Director Alexander Payne had become a fan of the novel by Tom Perrotta on which the film is based; the novel's rights were sold to Payne in January 1997. The novel was inspired by two key events. The first was the 1992 Bush vs. Clinton election campaign, in which Ross Perot entered as a third party candidate (a move echoed by Tammy Metzler). The second was an incident at Memorial High School in Eau Claire, Wisconsin, in which a pregnant student was elected homecoming queen, but staff announced a different winner and burned the ballots to cover it up.[1][2] Payne specifically had in mind Matthew Broderick for the part due to his role as the popular student in Ferris Bueller's Day Off,[citation needed] this role to be a play on that with Broderick now playing an authority figure; a teacher who is respected by students.

The film uses a number of stylized techniques in its storytelling, particularly through the use of freeze frames, flashbacks and voiceovers, which allow sections of the narrative to be delivered from the points of view of the four main characters.[3]

The film was originally shot with an ending close to the one found in the novel, with Jim McCallister working in a car dealership, where Tracy visits him before leaving for college. After testing poorly with audiences, the ending was eventually reshot. The original ending was unseen until the accidental discovery of an early VHS workprint of the film at a flea market in 2011.[4]


Much of the film was shot in and around the Omaha area including Dundee, Elkhorn, Bellevue, Carter Lake, and Papillion. Other scenes were filmed in New York (including the college scene, which was actually filmed at Adelphi University on Long Island) and Washington D.C. Production shut down for about a month when a freak fall snowstorm hit Omaha in October 1997, knocking down trees and power lines.[citation needed]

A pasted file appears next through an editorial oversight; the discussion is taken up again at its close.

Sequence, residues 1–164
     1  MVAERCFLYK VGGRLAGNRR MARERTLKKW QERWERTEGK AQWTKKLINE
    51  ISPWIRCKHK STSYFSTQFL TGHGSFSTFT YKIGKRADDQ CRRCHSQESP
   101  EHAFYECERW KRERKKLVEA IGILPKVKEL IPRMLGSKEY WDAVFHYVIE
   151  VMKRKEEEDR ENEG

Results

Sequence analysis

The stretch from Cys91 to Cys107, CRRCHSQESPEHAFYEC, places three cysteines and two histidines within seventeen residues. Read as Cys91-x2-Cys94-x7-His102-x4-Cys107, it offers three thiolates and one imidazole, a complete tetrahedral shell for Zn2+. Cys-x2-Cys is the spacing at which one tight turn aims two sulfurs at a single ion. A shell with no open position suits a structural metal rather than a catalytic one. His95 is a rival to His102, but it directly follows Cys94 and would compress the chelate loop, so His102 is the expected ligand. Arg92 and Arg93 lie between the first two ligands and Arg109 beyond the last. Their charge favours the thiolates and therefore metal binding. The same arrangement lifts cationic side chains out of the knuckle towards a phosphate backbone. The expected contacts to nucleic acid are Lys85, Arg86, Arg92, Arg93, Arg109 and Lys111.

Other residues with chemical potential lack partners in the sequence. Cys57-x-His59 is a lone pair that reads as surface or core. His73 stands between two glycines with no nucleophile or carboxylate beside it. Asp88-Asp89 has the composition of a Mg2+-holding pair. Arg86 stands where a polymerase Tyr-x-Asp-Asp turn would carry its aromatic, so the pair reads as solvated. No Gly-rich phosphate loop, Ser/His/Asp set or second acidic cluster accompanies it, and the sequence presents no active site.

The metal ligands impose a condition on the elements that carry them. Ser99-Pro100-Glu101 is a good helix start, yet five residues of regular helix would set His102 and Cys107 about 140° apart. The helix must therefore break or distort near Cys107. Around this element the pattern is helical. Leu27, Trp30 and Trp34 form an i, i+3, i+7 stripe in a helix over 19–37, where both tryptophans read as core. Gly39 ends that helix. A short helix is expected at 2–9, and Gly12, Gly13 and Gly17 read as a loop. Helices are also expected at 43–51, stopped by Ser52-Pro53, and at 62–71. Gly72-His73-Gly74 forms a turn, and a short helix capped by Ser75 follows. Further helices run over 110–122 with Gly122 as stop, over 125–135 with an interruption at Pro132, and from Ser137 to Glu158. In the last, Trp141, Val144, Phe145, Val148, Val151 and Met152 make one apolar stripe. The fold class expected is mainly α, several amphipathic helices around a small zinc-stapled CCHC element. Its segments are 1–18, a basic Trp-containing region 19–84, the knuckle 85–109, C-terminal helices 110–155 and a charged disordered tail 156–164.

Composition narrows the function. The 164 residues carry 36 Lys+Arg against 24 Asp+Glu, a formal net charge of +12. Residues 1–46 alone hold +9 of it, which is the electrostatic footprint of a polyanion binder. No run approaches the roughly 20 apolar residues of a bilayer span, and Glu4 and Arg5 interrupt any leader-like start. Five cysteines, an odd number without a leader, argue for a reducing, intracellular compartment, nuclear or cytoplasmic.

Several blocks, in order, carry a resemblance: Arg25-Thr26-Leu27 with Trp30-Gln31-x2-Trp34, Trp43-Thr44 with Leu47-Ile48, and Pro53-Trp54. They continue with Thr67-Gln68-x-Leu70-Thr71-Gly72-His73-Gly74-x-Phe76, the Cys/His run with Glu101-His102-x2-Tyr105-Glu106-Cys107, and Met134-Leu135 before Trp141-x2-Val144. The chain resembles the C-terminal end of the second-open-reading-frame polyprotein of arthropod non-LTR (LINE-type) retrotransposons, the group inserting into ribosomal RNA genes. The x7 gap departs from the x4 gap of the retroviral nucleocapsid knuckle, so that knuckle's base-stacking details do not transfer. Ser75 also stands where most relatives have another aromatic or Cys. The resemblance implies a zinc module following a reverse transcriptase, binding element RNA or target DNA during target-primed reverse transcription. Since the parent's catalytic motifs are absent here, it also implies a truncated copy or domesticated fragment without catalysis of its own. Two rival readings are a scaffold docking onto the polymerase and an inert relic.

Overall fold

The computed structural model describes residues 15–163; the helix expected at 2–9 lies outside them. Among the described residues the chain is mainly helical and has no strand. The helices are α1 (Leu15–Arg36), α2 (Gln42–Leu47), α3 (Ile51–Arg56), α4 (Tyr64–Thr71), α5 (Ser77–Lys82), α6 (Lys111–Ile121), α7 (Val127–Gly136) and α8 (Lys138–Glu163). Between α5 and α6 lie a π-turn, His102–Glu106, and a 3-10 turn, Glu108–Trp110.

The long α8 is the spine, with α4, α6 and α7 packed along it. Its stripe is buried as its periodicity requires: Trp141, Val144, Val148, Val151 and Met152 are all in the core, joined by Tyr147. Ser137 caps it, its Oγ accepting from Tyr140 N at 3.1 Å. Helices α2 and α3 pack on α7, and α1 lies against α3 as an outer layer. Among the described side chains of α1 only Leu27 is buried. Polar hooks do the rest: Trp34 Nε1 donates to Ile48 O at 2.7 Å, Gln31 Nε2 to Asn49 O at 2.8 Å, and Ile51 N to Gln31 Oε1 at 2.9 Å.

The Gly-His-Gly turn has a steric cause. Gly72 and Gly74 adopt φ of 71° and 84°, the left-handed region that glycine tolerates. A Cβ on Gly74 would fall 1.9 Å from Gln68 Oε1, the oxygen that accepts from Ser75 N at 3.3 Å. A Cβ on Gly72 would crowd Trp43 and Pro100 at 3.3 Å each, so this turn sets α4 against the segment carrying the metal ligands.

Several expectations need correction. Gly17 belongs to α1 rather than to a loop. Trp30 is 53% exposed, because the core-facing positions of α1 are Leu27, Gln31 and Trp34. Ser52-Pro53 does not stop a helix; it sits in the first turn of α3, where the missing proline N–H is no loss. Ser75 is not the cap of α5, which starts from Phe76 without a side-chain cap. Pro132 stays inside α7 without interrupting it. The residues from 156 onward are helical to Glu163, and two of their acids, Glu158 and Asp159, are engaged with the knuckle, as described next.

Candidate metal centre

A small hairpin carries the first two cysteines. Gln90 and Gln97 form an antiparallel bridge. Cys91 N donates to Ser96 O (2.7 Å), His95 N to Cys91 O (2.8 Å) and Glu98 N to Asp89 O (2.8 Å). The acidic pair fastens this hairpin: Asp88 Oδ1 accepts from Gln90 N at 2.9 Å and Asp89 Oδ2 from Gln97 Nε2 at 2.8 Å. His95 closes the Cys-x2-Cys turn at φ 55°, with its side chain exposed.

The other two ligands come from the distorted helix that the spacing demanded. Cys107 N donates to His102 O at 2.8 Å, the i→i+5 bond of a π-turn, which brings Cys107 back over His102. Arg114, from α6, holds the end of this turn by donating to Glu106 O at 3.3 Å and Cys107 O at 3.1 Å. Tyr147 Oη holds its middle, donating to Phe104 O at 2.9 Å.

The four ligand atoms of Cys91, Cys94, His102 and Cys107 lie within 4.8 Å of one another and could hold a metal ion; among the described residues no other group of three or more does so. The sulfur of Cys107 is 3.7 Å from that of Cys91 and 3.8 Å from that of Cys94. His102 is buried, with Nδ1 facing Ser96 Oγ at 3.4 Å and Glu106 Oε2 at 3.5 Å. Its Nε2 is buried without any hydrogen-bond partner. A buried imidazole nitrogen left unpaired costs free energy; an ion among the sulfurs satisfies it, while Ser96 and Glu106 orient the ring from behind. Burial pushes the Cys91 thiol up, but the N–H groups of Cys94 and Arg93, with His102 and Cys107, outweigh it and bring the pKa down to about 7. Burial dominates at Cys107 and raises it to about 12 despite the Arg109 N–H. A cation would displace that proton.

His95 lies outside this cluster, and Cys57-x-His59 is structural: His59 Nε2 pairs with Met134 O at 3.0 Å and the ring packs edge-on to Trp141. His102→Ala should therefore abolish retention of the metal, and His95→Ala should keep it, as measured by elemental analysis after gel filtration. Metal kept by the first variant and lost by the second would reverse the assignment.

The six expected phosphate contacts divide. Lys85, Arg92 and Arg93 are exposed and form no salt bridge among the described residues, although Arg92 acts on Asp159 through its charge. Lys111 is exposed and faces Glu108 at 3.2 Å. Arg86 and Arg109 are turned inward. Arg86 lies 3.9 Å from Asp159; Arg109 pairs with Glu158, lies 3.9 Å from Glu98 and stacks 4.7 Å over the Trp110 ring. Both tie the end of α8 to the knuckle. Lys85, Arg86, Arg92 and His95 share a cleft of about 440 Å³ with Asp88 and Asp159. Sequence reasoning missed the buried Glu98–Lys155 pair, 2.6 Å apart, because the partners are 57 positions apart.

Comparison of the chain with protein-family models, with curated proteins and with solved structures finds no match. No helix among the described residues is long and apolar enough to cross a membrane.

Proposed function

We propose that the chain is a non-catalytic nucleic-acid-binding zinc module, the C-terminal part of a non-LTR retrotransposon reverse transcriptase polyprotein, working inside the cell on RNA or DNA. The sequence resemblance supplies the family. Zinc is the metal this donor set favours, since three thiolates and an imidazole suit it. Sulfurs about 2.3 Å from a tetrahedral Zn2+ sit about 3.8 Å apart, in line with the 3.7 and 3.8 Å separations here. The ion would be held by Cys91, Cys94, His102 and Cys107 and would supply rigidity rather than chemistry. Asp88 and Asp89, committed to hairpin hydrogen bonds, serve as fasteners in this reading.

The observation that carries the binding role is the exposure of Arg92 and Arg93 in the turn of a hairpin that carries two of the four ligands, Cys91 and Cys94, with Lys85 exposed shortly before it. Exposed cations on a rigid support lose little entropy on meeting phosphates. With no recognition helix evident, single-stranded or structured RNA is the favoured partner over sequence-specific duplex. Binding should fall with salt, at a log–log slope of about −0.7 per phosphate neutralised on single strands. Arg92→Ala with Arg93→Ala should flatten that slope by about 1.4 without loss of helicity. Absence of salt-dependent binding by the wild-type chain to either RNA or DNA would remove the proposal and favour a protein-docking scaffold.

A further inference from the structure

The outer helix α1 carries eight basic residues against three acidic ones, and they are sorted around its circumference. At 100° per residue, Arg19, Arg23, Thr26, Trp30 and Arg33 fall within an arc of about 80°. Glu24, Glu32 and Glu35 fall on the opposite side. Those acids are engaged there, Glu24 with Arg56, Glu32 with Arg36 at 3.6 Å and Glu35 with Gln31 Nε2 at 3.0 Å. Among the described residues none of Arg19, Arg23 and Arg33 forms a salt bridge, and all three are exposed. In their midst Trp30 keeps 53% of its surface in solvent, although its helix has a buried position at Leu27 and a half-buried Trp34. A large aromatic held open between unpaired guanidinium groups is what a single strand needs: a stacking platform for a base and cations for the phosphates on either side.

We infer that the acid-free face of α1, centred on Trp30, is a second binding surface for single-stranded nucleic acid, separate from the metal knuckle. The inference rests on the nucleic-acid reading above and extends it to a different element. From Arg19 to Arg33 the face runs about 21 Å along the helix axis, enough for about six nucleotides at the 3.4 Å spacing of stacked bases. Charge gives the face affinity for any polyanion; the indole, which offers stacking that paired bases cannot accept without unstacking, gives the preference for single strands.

Omaha locations used during production include:

  • Papillion La Vista Senior High School serves as the setting for George Washington Carver High School and filming took place during the 1997-98 school year.
  • The Godfather's Pizza where Dave visits with Tracy is located at 7920 S. 84th St. in LaVista.
  • The parking lot where Jim throws away Tracy's nomination signatures in a dumpster was filmed on the corner of N. 50th St. and Underwood Ave. The Carl S. Baum Druggists building in the scene is currently a Subway restaurant.
  • Linda's house is located at 683 Parkwood Ln.
  • The Metzler house is located at 1562 S. 187 Cir. along the Shadow Ridge Country Club south of Elkhorn.
  • Younkers is located in the Westroads Mall.
  • The soccer field at Brownell-Talbot School was used for the Immaculate Heart soccer game.
  • The American Family Inn is located at 1110 Fort Crook Road in Bellevue. It has since changed owners and is now a Rodeway Inn.


Election was met with critical acclaim from critics. On Rotten Tomatoes, the film holds a rating of 92%, based on 104 reviews, with an average rating of 7.8/10. The critical consensus reads, "Election successfully combines dark humor and intelligent writing in this very witty and enjoyable film."[5] On Metacritic, the film has a score of 83 out of 100, based on 33 critics, indicating "universal acclaim".[6]

Roger Ebert gave the film 3.5/4 stars, praising Witherspoon and Payne, and saying that, "...here is a movie that is not simply about an obnoxious student, but also about an imperfect teacher, a lockstep administration, and a student body that is mostly just marking time until it can go out into the world and occupy valuable space".[7]


  1. ^ "Officials Deny Pregnant Girl School Crown". The New York Times. October 14, 1992. Retrieved May 1, 2010. 
  2. ^ Crace, John (February 21, 2009). "A life in writing: Tom Perrotta". The Guardian (London). Retrieved May 1, 2010. 
  3. ^ "Todd McCarthy Review from 'Variety'". April 19, 1999. 
  4. ^ "Watch The Never Before Seen Original Ending of Alexander Payne's Election". Slashfilm.com. 2011-05-13. Retrieved 2013-12-04. 
  5. ^ http://www.rottentomatoes.com/m/election/
  6. ^ http://www.metacritic.com/movie/election-1999
  7. ^ http://www.rogerebert.com/reviews/election-1999